Emergency cardiac care
When a STEMI strikes, every minute counts. A STEMI (ST-Elevation Myocardial Infarction) is an acute heart attack caused by a blockage of one of the three coronary arteries that supply blood to the heart. The sooner a blocked artery is opened, the less damage there is to the heart and the better the patient’s prognosis. Time is muscle for heart attack victims.
The national goal is a door-to-balloon (D2B) time—the interval from when the patient enters the hospital to when the artery is opened using an angioplasty procedure—is 90 minutes. We are far surpassing that goal, with a recent 12-month average D2B time of 57 minutes.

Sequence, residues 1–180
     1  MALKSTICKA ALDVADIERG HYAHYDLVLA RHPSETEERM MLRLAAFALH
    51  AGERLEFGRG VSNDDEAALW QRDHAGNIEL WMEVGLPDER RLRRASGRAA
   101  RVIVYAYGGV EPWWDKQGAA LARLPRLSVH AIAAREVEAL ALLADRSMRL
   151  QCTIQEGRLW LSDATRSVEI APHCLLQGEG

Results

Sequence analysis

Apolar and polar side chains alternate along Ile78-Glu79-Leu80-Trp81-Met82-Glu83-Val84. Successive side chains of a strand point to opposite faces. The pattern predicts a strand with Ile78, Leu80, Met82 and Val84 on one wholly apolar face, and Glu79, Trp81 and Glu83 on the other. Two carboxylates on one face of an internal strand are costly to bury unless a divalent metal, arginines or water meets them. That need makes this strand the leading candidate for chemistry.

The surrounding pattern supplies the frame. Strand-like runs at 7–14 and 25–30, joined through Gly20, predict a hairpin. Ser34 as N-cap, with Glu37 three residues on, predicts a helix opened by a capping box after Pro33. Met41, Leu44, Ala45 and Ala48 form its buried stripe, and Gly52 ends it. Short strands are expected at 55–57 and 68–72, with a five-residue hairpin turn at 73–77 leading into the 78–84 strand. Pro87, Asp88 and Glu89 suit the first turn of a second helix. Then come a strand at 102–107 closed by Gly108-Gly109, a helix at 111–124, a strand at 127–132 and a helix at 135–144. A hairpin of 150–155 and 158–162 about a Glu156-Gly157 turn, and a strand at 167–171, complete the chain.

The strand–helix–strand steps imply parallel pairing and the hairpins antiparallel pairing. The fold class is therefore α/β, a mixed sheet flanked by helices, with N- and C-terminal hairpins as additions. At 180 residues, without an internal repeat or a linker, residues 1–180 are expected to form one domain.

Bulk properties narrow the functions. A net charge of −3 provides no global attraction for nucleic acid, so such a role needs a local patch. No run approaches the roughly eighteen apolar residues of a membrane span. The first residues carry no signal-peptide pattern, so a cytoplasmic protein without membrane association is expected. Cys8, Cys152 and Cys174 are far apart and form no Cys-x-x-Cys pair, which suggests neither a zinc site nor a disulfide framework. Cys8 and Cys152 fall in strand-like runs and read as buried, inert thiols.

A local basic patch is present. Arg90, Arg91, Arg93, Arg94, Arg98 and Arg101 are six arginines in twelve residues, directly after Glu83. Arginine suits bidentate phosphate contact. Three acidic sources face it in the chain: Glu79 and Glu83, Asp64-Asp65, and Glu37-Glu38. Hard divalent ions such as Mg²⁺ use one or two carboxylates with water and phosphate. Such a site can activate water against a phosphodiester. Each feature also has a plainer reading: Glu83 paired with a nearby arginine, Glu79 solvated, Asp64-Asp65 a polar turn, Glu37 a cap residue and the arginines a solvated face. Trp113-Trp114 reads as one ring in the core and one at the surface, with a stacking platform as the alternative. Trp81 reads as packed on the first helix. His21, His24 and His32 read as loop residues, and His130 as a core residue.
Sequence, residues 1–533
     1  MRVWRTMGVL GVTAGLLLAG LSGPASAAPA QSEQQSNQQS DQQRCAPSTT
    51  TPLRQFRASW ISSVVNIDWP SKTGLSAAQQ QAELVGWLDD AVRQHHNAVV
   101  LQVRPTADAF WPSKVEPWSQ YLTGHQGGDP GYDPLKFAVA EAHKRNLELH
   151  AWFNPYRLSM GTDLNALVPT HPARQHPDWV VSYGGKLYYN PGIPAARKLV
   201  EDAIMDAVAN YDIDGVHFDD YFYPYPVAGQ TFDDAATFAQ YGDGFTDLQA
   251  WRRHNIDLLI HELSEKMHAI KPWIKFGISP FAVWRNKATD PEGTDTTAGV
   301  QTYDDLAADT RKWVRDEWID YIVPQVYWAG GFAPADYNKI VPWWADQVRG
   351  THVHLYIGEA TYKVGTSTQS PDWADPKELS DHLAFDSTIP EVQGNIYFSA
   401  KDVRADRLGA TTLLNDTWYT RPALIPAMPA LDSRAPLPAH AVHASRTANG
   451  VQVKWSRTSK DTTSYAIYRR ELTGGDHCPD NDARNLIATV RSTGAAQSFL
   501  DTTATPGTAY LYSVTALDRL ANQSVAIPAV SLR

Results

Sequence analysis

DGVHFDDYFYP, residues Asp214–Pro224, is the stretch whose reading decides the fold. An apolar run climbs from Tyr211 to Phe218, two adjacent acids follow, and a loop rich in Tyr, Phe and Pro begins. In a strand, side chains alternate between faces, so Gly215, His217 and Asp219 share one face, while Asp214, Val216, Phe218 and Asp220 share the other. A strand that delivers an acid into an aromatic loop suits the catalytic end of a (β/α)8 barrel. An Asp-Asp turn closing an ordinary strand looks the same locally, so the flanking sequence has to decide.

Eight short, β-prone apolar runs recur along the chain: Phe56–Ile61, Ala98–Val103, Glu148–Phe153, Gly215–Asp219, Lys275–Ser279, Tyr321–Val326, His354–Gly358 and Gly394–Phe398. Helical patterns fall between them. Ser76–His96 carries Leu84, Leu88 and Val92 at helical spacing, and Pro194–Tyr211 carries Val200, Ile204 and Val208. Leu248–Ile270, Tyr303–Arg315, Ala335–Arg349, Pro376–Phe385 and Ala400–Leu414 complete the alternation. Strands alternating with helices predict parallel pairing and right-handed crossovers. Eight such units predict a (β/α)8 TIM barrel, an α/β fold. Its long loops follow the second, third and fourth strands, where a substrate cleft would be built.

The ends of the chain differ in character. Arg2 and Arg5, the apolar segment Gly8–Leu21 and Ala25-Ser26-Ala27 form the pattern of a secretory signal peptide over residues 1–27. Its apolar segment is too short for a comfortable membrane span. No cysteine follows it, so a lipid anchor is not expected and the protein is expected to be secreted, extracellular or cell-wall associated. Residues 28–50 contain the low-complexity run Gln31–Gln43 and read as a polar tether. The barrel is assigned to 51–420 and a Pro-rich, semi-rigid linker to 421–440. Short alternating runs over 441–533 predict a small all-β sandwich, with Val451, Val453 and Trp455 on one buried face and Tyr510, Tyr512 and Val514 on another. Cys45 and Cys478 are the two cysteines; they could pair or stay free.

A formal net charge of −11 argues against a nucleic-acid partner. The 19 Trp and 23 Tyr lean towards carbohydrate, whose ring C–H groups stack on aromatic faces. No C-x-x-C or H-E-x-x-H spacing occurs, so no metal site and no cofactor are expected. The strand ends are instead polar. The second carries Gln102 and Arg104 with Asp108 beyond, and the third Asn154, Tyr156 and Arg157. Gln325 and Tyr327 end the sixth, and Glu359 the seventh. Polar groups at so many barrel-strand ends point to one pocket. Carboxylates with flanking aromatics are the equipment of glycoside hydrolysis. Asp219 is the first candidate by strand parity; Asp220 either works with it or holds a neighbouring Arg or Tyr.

Our program’s success is the result of a highly coordinated team effort of community Emergency Medical Services (both land and air), our Emergency Department and our Cardiac Catheterization Lab. In many instances, EMS responders can trigger a Cardiac Alpha alert from the ambulance, mobilizing our ED and Cath Lab teams so that they are ready when the patient arrives, and cutting valuable minutes from the D2B time.
We continually monitor and analyze our program for training opportunities, speed, efficiency and safety to ensure that when seconds count, our program is second to none.